Essential EU funding for farmers, due to end in 2013, will continue for another year, rural affairs secretary Richard Lochhead announced yesterday.
Delays in Europe passing necessary legislation meant some streams of support faced a year-long gap until the new common agricultural policy (CAP) came into effect in 2015 – and the announcement that the Scottish Government would do its best to bridge this gap was widely welcomed by the industry.
Although it had already been understood that the single farm payment scheme, which sees £500 million of support delivered for agricultural production, would effectively be rolled over for 2014, rural development (pillar two) schemes were due to end on 31 December 2013.
However, with no replacement scheme sanctioned to start until 2015, the Scottish Government said that it will step in to make sure that core payments such as support for less favoured areas and agri-environment schemes – including organic payments – would continue for 2014.
Welcoming the news, NFU Scotland’s director of policy, Jonnie Hall, said: “The key funding priorities for Scottish agriculture in 2014 – SFP, LFASS and existing five-year agri-environment agreements – now appear to be covered. That certainty is vital for a huge number of farms and crofts across Scotland.
“And given that farmers, through modulation, will continue to see part of their SFP siphoned off into the rural development pot through this period, their priorities should be given due consideration.”
He added that farmers also faced the prospect of financial discipline across Europe reducing their direct support by around 4 per cent adding that this simply underlined the fact that every penny delivered to farm businesses in 2014 was required.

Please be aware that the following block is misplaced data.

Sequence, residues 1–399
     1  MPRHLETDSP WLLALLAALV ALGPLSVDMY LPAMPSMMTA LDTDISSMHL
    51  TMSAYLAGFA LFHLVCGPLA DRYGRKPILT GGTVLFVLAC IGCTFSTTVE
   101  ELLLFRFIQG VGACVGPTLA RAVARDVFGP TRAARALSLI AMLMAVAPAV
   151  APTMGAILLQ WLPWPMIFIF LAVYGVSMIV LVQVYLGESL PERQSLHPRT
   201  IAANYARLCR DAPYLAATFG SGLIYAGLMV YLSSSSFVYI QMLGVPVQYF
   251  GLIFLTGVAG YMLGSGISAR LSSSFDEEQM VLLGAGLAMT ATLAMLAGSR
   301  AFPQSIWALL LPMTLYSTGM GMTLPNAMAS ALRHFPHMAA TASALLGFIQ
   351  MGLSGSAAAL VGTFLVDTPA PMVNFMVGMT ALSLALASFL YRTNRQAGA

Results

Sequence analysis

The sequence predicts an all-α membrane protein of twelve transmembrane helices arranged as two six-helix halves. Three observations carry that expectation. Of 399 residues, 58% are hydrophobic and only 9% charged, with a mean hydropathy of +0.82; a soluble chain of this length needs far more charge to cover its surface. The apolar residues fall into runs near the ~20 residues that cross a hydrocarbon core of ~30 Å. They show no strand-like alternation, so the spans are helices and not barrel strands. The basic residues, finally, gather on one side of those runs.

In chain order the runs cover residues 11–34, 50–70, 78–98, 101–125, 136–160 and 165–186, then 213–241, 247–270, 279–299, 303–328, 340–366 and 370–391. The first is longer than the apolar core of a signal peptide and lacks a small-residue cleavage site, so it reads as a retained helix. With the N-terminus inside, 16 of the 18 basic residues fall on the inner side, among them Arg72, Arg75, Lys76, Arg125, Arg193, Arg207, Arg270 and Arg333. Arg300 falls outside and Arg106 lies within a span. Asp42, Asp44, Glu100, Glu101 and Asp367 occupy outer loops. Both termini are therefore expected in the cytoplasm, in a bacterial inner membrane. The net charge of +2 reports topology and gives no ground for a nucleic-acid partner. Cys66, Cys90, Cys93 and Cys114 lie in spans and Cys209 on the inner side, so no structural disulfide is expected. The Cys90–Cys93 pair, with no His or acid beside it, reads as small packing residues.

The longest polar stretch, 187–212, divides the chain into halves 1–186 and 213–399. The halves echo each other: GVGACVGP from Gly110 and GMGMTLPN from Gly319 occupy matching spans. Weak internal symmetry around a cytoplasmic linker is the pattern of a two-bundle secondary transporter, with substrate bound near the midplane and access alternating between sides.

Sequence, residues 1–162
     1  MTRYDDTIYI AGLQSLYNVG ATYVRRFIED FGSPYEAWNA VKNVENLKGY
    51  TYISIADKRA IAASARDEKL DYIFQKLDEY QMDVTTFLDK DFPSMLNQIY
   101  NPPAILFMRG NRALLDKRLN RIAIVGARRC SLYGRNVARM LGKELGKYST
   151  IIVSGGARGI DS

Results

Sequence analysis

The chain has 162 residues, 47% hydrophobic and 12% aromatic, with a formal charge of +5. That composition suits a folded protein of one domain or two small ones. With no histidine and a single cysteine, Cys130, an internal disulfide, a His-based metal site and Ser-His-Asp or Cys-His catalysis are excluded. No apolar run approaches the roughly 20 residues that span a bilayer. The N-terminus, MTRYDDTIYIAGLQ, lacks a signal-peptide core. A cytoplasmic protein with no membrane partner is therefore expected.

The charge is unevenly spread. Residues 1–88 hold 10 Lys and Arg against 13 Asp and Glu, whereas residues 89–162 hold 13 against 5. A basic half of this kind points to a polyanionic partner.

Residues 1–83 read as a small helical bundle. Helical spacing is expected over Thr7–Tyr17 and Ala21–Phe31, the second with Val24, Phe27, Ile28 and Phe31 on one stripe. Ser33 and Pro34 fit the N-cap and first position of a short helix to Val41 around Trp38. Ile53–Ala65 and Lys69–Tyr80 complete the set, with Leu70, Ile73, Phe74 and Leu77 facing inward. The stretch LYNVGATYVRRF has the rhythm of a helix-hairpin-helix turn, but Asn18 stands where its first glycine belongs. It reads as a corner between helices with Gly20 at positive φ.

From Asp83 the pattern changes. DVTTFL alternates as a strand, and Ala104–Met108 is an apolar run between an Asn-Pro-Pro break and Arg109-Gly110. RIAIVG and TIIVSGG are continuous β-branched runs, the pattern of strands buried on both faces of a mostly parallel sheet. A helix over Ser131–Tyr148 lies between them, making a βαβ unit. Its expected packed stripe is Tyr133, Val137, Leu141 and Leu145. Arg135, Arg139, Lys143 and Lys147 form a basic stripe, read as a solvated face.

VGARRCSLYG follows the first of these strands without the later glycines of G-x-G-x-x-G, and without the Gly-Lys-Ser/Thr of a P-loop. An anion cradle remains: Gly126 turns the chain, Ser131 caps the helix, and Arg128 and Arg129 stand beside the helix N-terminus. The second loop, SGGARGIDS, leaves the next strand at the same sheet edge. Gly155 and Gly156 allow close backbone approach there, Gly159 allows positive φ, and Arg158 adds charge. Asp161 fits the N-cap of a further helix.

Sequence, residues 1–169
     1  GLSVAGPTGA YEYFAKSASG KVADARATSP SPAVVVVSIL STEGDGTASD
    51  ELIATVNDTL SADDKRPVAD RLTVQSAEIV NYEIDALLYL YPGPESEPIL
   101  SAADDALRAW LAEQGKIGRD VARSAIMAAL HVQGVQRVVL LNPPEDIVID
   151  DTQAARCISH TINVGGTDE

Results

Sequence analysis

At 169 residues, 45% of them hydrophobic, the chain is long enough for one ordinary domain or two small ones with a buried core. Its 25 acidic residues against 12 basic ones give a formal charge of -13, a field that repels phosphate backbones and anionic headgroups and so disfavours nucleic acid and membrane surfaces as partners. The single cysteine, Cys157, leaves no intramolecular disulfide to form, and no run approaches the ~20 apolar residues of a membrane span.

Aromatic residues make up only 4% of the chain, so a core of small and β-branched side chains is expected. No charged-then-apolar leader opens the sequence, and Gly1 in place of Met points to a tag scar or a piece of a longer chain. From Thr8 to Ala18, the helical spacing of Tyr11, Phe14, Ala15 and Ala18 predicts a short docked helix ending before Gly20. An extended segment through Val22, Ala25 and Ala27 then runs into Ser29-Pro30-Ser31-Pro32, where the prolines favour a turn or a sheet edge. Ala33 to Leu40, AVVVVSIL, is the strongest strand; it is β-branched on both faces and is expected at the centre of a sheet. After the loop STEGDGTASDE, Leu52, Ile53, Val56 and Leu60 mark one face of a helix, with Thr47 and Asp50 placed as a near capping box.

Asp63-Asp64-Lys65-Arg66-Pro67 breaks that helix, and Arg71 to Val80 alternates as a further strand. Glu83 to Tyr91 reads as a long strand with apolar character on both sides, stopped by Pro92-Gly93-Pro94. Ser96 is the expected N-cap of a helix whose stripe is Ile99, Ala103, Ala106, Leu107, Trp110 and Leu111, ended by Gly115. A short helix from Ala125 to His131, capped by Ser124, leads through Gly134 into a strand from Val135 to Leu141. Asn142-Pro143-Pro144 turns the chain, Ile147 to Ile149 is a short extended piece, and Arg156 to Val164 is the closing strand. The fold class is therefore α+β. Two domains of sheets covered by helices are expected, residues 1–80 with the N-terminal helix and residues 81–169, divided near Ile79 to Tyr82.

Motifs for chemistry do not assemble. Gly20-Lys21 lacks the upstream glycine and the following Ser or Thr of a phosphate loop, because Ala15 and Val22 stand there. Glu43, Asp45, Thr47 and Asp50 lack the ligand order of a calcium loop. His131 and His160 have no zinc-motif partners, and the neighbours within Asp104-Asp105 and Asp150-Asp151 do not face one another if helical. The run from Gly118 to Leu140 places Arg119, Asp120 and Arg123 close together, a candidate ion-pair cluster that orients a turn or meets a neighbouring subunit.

Luke Borwick, chairman of Scottish Land & Estates, also welcomed the announcement stating:
“Discontinuity in support can play havoc with farm finances and so early clarification is helpful so that businesses can plan ahead,” he said.
However, Lochhead stated that the Scottish Government was unable to cover all areas of expenditure:
“Under current European CAP transition regulations, however, not all SRDP schemes can continue which is why the Scottish Government and other governments across Europe are continuing to press hard for a full rollover of the rural development programme in 2014.”
He said that there would be no new land managers options (LMO) applications for 2014 as this type of non-competitive support would not be permitted under the new regulatory framework.
“Instead, the Scottish Government is working on options to provide effective and accessible support to farmers in Scotland,” he said.
Lochhead also said that the Scottish Government was making a strong case for transition regulations to allow continued support for Scotland’s Leader scheme.